California Attorney General Addresses Racial and Ethnic Bias in Algorithms Used in Healthcare, Launches Investigation


SACRAMENTO, Calif. — California Attorney General Rob Bonta launched an investigation last week into the prevalence of racial and ethnic bias in health algorithms.

According to a statement from Bonta’s office, “Healthcare algorithms are becoming increasingly common tools and have been used to help healthcare professionals determine patients’ medical needs as well as in administrative work…and are used to assist healthcare professionals in health-related decision making.

The complexity of healthcare decision-making technology can range from simple graphics for decision-making to complex AI programming (and) enable patient care and outcomes to become more effective and efficient” , said CA AG.

But, the AG Office added, as health algorithms become more widely used, “there is growing concern that they are affirming long-standing racial and ethnic biases in the health industry. .. leading to inequitable outcomes for patients”.

An example of this can be found in a study in which researchers found that a widely implemented algorithmic tool referred black patients less to improved services than white patients with the same medical conditions.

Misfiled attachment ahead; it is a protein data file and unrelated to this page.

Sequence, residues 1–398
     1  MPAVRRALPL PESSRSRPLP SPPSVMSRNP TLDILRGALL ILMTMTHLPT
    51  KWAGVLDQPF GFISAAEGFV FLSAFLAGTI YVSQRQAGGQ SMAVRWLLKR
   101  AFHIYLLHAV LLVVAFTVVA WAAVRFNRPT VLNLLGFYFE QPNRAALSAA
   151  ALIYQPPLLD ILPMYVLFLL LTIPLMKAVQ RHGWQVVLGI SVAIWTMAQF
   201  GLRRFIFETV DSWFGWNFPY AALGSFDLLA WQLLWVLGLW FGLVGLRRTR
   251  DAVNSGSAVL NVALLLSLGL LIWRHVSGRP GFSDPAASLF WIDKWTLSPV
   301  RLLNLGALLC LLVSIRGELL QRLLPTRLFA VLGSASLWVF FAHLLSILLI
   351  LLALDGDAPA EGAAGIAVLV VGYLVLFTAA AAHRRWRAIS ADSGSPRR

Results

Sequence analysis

This issue arose because the algorithm used the patient’s medical history but did not account for gaps in care due to racial inequality, the AG said.

According to Bonta, “We know that historical bias contributes to the racial disparities in health that we continue to see today. It is essential that we work together to address these disparities and bring equity to our health care system.

He said the survey is aimed at bringing hospitals and other health care systems into compliance with state non-discrimination laws, adding that he hopes “to ensure that all Californians can access the care that they need to lead a long and healthy life”.

Such findings have highlighted the demand for clarity in the construction and use of algorithms, he explained, noting, according to the release, “the need to eliminate any biases that might affirm inequities in health care that has historically disadvantaged populations of technological decision-making tools”.

In an effort to eliminate these biases, AG Bonta is asking hospitals across the state to provide information on how they are working to address racial and ethnic bias in their decision-making technology.

The Attorney General asks what algorithms, software systems, and decision-making programs are used in clinical decision-making, population health management, care and utilization, scheduling of appointments and operations, as well as billing practices and approvals.

Bonta said he hopes to find out where the biases persist so they can be eliminated.

Sharon D. Cole